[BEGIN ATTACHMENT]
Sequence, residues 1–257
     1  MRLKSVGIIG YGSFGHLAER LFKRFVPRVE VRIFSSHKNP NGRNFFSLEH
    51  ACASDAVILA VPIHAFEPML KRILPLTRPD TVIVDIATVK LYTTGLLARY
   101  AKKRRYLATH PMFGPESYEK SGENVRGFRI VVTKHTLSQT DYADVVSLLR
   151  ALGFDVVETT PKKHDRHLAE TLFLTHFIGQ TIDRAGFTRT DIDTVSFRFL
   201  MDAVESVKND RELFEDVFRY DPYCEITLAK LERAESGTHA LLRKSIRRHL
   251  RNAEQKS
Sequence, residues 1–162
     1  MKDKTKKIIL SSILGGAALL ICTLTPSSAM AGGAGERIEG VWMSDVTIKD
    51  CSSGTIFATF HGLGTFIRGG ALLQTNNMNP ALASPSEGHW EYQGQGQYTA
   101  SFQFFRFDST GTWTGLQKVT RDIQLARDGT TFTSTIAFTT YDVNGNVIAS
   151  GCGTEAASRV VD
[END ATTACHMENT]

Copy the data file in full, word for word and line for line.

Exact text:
Sequence, residues 1–257
     1  MRLKSVGIIG YGSFGHLAER LFKRFVPRVE VRIFSSHKNP NGRNFFSLEH
    51  ACASDAVILA VPIHAFEPML KRILPLTRPD TVIVDIATVK LYTTGLLARY
   101  AKKRRYLATH PMFGPESYEK SGENVRGFRI VVTKHTLSQT DYADVVSLLR
   151  ALGFDVVETT PKKHDRHLAE TLFLTHFIGQ TIDRAGFTRT DIDTVSFRFL
   201  MDAVESVKND RELFEDVFRY DPYCEITLAK LERAESGTHA LLRKSIRRHL
   251  RNAEQKS
Sequence, residues 1–162
     1  MKDKTKKIIL SSILGGAALL ICTLTPSSAM AGGAGERIEG VWMSDVTIKD
    51  CSSGTIFATF HGLGTFIRGG ALLQTNNMNP ALASPSEGHW EYQGQGQYTA
   101  SFQFFRFDST GTWTGLQKVT RDIQLARDGT TFTSTIAFTT YDVNGNVIAS
   151  GCGTEAASRV VD